Ditto on the full English breakfast – and I think the protest could be fun, given the company. 🙂

  9. Jane on April 28, 2009 at 5:03 pm

    Thank you so much for sharing your thoughts and experiences yesterday. I find hope in the police talking about their colleagues who walk in the annual Pride parade.

    I am talking with a former youth member, from the pentecostal days (I was the one of the youth leaders), who is “struggling” with her attraction to women. I find it hopeful that she is sharing with me. She is married with four children, and incredibly unhappy. I am fearful for her, her children and her husband. I am fearful for the church her husband serves as pastor. The depth of the sorrow that living a lie creates is overwhelming. She is one of the very real people who go into those conferences. I don’t know if it’s societal constructs or her own integrity, but she has a real commitment to the marriage and the children. She doesn’t want to walk away and leave these humans with pain. She’s also afraid that she will not ever see her children again if she “gives in to this thing.”

    Real people with real pain. May they all know the real Light of Love.

  10. p2son on April 29, 2009 at 7:33 am

    Joe, the “ex-gay” movement has operated under the radar for several years since the Exodus program Courage transformed into a pro-gay Christian group. Jeremy Marks was the head of Exodus Europe and the founder of Courage. Recognizing that the program and the treatments did more harm than good, he asked the hard questions and walked the ministry through a change process of its own.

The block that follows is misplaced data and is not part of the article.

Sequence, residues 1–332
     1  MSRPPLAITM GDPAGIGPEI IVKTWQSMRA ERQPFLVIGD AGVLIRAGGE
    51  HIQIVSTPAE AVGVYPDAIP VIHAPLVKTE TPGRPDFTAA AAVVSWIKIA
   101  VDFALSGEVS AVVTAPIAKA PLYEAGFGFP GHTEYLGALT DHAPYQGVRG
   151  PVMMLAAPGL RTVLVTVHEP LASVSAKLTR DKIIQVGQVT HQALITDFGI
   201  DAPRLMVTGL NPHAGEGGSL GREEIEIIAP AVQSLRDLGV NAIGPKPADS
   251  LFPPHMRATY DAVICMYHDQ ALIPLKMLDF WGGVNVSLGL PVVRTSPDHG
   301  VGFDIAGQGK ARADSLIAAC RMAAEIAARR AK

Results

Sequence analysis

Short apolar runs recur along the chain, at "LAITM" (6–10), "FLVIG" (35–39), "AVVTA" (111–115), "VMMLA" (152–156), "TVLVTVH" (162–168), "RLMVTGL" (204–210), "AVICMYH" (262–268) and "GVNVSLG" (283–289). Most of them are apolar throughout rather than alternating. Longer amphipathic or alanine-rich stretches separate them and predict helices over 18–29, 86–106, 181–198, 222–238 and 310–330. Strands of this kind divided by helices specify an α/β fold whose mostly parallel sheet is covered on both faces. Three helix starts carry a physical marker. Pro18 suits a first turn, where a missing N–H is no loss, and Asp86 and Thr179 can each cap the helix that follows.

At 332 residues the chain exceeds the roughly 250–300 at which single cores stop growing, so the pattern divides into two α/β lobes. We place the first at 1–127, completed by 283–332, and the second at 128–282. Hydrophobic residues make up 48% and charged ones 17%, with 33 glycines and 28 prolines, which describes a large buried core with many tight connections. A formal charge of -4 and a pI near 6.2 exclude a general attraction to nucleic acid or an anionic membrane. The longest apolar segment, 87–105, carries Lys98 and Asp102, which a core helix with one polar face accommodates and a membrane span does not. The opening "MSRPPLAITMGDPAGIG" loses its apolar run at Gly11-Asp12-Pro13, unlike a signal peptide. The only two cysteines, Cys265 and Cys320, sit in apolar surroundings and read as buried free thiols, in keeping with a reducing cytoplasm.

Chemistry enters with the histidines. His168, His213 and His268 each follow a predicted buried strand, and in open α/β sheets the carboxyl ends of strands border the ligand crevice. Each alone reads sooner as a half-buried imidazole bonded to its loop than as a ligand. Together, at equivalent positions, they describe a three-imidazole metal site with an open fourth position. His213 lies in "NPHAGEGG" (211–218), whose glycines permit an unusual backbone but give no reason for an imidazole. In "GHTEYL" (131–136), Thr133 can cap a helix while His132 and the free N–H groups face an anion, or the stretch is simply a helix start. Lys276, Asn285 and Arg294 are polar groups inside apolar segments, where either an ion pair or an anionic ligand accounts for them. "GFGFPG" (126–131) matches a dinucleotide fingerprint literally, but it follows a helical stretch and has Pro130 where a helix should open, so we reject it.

The US-based “ex-gay” movement is varied. Much of it also happens under the radar is in the UK through the work of Christian counselors (who most often have substandard training and over site compared to licensed therapists), youth pastors, ministers, etc. There still are a few ex-gay programs in the UK, mostly unaffiliated with larger groups like Exodus.

    The teachings of Nicolosi (which are a reworking of the British reparative therapist, Moberly) saturate much of the literature and theory that counselors, pastors and ministers draw upon in their ex-gay work. One size does not fit all in the UK or the US when it come to the ex-gay (and what is also often anti-gay) movement. They use a variety of methods and look for a variety of different results, but many of the core values remain the same, and from my experience, these core values actually serve to undermine the health and well-being of the people seeking help.

  11. p2son on April 29, 2009 at 7:57 am

    Thanks Jane.
    I am so glad your friend has someone to talk. Little do we know how these talks can give people the hope they so desperately need. The uncertainty and fear can be so great. I have my own talk with a college student today who has his own questions and doubts. IT’s such an honor to have these opportunities.